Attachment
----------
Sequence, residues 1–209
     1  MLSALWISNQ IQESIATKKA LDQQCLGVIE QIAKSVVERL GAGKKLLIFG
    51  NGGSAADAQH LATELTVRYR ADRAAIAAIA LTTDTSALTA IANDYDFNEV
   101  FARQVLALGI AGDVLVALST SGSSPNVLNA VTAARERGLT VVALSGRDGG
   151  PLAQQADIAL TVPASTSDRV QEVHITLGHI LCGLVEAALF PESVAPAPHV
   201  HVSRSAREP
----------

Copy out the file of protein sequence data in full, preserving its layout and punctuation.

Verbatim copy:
Sequence, residues 1–209
     1  MLSALWISNQ IQESIATKKA LDQQCLGVIE QIAKSVVERL GAGKKLLIFG
    51  NGGSAADAQH LATELTVRYR ADRAAIAAIA LTTDTSALTA IANDYDFNEV
   101  FARQVLALGI AGDVLVALST SGSSPNVLNA VTAARERGLT VVALSGRDGG
   151  PLAQQADIAL TVPASTSDRV QEVHITLGHI LCGLVEAALF PESVAPAPHV
   201  HVSRSAREP